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Twins lukewarm, fans freezing on ice-cold Opening Day

REUTERS/Eric Miller
A couple huddle under a blanket to stay warm during the first inning of the Twins' season opener on Monday.

Steam rose from the infield dirt. Yes, steam. You know that wispy smoke on the hood of your car after a long drive on a stupidly cold morning? That’s what the heavily bundled Twins saw at Target Field before batting practice on Opening Day, a byproduct of the underground heating system gently warming the freshly watered soil.

“That’s pretty entertaining,” Twins manager Ron Gardenhire said. “I’ve never seen steam rising off the infield dirt. Only in the cow pasture. I’ve seen it rise off horse manure.”

It was 35 degrees with a 17 mph wind blowing out to center field when Vance Worley threw his first pitch at 3:17 p.m., weather that mandated ski caps, heavy fleece and the thickest gloves. It missed by two degrees tying the record low for a Twins home opener, from 1962 at old Metropolitan Stadium, when the Twins and Los Angeles Angels played in 33-degree conditions the day after a six-inch snowfall postponed the opener.

During batting practice, first baseman Justin Morneau yelled for strength and conditioning coordinator Perry Castellano to fire up one of the gas-powered heat blowers in the dugout so he could warm his hands before stepping into the cage. Detroit’s Prince Fielder and Torii Hunter wore heavy sweatshirts under their jerseys, and Fielder added a ski hood that covered most of his face. Twins center fielder Aaron Hicks, the wind blowing dead at him in his major league debut, guessed he went through six handwarmers.

Only Worley, pitching in short sleeves, faced the elements with defiance.  No one in the stands was that brave. One woman in the lower field boxes sported a full-length fur coat.

Less than half the sellout crowd of 38,282 stuck around for all three hours, 28 minutes of the Twins’ 4-2 loss to defending American League champion Detroit, a game that hardly alleviated the fear that the Twins are bound for their third consecutive 90-loss season.

The poor conditions aside, the Twins did just enough wrong to lose. From going 1-for-9 with runners in scoring position to leaving 12 men on base to failing to make pitches and plays at critical times, the Twins let a winnable game slip away.

Catcher Joe Mauer threw wide of second base on a possible strikeout/throwout double play with Jhonny Peralta running in the second. Peralta ended up scoring on an Omar Infante single.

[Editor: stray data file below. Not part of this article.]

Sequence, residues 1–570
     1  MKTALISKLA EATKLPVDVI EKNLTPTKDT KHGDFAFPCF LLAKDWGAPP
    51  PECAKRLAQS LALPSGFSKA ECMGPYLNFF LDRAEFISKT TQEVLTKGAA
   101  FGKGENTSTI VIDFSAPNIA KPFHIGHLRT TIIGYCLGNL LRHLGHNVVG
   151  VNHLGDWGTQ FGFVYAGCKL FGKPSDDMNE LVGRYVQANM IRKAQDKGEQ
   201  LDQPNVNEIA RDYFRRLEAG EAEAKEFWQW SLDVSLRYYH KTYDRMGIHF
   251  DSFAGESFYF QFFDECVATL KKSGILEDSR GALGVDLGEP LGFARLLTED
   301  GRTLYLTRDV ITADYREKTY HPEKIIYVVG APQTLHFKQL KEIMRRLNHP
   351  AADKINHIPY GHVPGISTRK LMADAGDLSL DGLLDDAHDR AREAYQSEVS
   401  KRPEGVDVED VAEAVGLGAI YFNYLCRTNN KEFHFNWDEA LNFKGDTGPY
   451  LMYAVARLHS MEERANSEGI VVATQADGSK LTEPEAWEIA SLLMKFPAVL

After trailing 3-0 early, the Twins cut it to 3-2 and loaded the bases in the seventh, only to see Trevor Plouffe and Chris Parmelee strike out back-to-back against reliever Al Alburquerque.

Third baseman Plouffe made a questionable choice on a sacrifice in the eighth, charging instead of covering the bag. The Twins got an out at first, but the runner who reached third scored when an overeager Josh Roenicke bounced his first pitch as a Twin through Mauer’s legs.

The Tigers weren’t great either but didn’t have to be. Ace Justin Verlander, making his first start since agreeing to the richest contract ever for a pitcher (seven years, $180 million), struck out seven over five scoreless innings. He schooled the promising young Hicks, striking him out his first three at-bats on three different out pitches — a change-up (swinging), fastball (looking), slider (swinging). Hicks fared better once Verlander left the game, grounding out and walking.

“I was too anxious trying to get that first hit,” Hicks said. “I just exposed myself. It was fun to get the knowledge and experience of facing him, so the next go-round I’ll be more prepared and know what he throws.”

At least Hicks came away with one special moment. Hunter, his favorite player growing up, waved him over during batting practice and chatted him up. The two had never met.

“He just said, ‘Hey, hey, c’mere,’ ” Hicks said. “It was fun to meet him and talk to him a little bit. The fact he had seen me play and had seen video of me feels good. To know that your favorite player actually notices you, it’s fun.”

Judging any season by the Opening Day can be perilous, but here’s what we know:

• The middle of the lineup is the same crew that struggled to score runs in 2012; thinking they will do better without a proven leadoff hitter seems wishful.

• General manager Terry Ryan’s pitching acquisitions offer some promise for 2014 and 2015, but the present rotation, with newcomers Worley, Mike Pelfrey and Kevin Correia, remains a big unknown.

• The Twins could be atrocious again, or serviceable.

• A lousy April and May may endanger Gardenhire’s job and render Target Field a ghost town in August.

We’ll see what happens. It shouldn’t be this cold for the next two games of the series, which probably means we’ve seen the last of the smoking infield.

 “That was a first for me,” Parmelee said. “Them watering it and seeing that thing steam up — that was kind of fun.”

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